Of all the landmarks of 1969, Woodstock has to rank near, if not at the top of the list. The “3 Days of Peace & Music” have been branded into our cultural and musical lexicons, with the myth superseding reality, for better or worse.

It would be my fool’s errand to describe the event, the musicians, the stories, etc. That’s all documented many places better than I could ever hope to. Instead, I’d like to write about how I feel about Woodstock.

I wasn’t born for almost two decades after the concert. My parents weren’t huge rock fans, and my first recolection of what Woodstock was, came from an airing of the film on PBS in the early 90’s. I was awe-struck. I’d never been to a concert let alone a festival. It did strike a chord with me though. The sheer intensity of the occasion, the variety of acts, and the communal nature of it all was like a ritual I didn’t understand. But it called to me.

A few years later, when I started getting into music beyond what my parents played, The soundtrack must have been one of the first dozen cds I bought. I played it ’till it was too scratched to re-sell. I read and marveled at the stories. I wondered what songs were played that weren’t on the soundtrack. Where was The Grateful Dead? Did Jimi play “Purple Haze”?

As time and my knowledge went on, the myth unraveled. I went to concerts, a few small festivals, and *ahem*, experienced different things I’d only heard of before. Some aspects seemed even more grounded in dirty reality while the mystique of other only seemed to deepen.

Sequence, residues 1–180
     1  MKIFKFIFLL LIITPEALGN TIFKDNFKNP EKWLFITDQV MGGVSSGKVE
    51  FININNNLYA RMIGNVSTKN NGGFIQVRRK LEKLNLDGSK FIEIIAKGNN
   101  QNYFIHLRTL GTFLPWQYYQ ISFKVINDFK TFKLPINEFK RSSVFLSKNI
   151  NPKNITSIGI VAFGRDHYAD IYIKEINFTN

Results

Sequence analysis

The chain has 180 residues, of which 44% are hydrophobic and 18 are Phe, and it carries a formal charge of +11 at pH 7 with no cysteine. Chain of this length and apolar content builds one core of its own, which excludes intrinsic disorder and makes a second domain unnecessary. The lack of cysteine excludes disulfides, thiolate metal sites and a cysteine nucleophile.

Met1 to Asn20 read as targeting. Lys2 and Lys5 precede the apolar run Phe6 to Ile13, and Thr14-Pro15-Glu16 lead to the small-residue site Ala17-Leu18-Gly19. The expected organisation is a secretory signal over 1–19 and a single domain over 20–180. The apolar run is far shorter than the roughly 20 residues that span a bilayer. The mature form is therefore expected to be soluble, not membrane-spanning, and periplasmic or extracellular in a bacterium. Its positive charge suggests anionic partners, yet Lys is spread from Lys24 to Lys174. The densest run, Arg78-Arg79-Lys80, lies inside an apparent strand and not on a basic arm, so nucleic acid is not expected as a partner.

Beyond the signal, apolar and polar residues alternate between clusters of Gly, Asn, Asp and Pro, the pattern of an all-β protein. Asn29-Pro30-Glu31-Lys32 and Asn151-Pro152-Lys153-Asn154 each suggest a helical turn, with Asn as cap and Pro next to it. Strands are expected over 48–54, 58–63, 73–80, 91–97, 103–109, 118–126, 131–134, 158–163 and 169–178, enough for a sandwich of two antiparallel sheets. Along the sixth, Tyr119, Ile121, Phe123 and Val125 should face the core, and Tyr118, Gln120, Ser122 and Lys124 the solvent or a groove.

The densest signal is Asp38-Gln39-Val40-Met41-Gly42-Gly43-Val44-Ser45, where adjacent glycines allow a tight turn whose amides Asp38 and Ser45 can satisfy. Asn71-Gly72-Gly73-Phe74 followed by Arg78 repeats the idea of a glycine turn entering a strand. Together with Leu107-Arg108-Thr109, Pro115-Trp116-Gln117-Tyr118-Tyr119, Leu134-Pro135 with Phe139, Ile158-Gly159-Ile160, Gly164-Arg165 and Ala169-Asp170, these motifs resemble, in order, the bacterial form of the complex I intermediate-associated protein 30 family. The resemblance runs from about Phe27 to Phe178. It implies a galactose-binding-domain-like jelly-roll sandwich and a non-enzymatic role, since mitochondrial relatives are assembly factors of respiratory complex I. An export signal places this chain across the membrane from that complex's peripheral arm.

The complete performances of the various bands had been something to seek out to enhance the slim highlights from the soundtrack. Some are revlatory, while others are perfunct or even disappointing. A complete set is now commercially available, and does having a complete record enhance the event? In some ways. Being a completist, that’s very alluring.

I think Woodstock is a fine concert. It was, and remains important. I don’t listen to it very much anymore though. Maybe I burned out on it, maybe I recognize that a single festival is not the be-all-end-all. It certainly falls under the category of ‘you had to be there’.

The benchmark of Woodstock remains, but is now tempered with the understanding of unique time and place. Woodstock could never be replicated again. That’s ok. Let’s keep doing new things, and we can still put on the record every now and then.

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